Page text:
There has been a lot of protest against President Donald Trump and his controversial law on separating kids from their immigrant patients.
ProPublica has released audio tape of children crying out for their parents.
According to ProPublica, the tape was recorded last week inside a U.S. Customs and Border Protection detention facility. ProPublica reports that the person who made the recording asked not to be identified for fear of retaliation, but that the tape was passed along to well-known civil rights attorney Jennifer Harbury, who has lived and worked for four decades in the Rio Grande Valley along the Texas border with Mexico. Harbury provided it to ProPublica.
The audio has not yet been independently verified by large outlets.
On the tape, which you can listen to below, children are heard screaming for “Mami” and “Papá” and crying so hard at times it sounds difficult for them to breathe. (Warning: Some things you hear will be upsetting and disturbing.)
A border patrol agent can be heard saying, “Well, we have an orchestra here. What’s missing is a conductor.”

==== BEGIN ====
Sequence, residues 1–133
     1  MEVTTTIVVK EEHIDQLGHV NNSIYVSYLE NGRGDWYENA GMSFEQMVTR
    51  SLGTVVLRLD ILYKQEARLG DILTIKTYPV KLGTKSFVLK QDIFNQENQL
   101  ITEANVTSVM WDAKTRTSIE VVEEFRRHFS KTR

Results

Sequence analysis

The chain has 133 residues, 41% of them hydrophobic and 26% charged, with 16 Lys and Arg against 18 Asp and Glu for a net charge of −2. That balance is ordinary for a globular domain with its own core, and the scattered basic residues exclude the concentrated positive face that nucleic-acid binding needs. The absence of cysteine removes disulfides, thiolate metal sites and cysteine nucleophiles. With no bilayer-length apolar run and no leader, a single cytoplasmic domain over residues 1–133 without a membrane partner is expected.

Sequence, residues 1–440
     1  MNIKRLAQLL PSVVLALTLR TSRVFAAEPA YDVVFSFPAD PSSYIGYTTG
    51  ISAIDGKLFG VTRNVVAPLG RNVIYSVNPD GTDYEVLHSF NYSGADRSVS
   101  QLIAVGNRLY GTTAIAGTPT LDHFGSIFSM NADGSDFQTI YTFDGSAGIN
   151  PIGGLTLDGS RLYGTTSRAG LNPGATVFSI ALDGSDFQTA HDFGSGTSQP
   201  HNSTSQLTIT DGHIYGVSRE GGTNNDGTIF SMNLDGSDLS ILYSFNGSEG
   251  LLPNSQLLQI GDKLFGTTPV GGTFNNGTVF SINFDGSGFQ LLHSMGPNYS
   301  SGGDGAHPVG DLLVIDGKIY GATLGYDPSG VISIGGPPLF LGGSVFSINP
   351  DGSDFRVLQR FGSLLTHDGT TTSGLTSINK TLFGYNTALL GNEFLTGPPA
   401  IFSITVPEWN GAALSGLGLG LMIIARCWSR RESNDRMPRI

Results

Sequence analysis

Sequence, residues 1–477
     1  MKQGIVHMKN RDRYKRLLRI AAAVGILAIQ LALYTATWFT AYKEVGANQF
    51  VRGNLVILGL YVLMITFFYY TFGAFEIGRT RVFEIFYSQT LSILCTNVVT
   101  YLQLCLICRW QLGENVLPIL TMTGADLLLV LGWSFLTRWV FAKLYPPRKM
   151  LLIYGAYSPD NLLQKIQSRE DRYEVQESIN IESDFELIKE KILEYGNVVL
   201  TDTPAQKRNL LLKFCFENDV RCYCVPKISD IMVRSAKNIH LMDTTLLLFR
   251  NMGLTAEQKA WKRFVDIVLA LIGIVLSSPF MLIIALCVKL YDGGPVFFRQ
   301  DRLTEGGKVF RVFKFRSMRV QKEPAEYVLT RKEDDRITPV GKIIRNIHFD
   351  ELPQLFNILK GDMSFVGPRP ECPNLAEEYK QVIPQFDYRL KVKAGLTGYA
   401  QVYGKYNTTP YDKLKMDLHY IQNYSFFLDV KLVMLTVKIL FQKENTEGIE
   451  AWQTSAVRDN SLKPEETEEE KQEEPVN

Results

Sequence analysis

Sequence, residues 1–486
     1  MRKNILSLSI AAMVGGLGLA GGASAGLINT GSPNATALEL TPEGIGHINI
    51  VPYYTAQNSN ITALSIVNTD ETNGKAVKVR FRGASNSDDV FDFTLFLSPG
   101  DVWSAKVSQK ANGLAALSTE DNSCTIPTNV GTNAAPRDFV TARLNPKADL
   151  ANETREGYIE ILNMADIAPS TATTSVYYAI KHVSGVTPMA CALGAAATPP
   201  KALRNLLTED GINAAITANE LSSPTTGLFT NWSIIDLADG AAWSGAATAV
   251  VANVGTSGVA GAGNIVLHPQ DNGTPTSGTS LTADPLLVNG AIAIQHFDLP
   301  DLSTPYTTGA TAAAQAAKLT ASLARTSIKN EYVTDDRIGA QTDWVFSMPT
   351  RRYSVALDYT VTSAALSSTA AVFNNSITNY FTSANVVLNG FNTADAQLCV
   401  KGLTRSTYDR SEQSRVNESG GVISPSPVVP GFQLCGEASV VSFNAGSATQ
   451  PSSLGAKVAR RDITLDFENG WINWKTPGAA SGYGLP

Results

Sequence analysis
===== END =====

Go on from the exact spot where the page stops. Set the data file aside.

A girl, identified by ProPublica as a 6 year old from El Salvador, can be heard asking if she can call her aunt. “At least can I go with my aunt?” she sobs. “I want my aunt to come so she can take me to her house.” There is some discussion and then she is heard saying, “My mommy says that I’ll go with my aunt, and that she’ll come to pick me up there as quickly as possible, so I can go with her.”
At the end of the tape, you hear the call being made.
ProPublica reached out to the little girl’s aunt at the same number. “It was the hardest moment in my life,” she told them. “Imagine getting a call from your 6-year-old niece. She’s crying and begging me to go get her. She says, ‘I promise I’ll behave, but please get me out of here. I’m all alone.” The woman is worried that if she tries to intervene, it could hurt her own chances for asylum. (She is seeking it for herself and her own daughter.)
“I know she’s not an American citizen,” the aunt said of her niece. “But she’s a human being. She’s a child. How can they treat her this way?”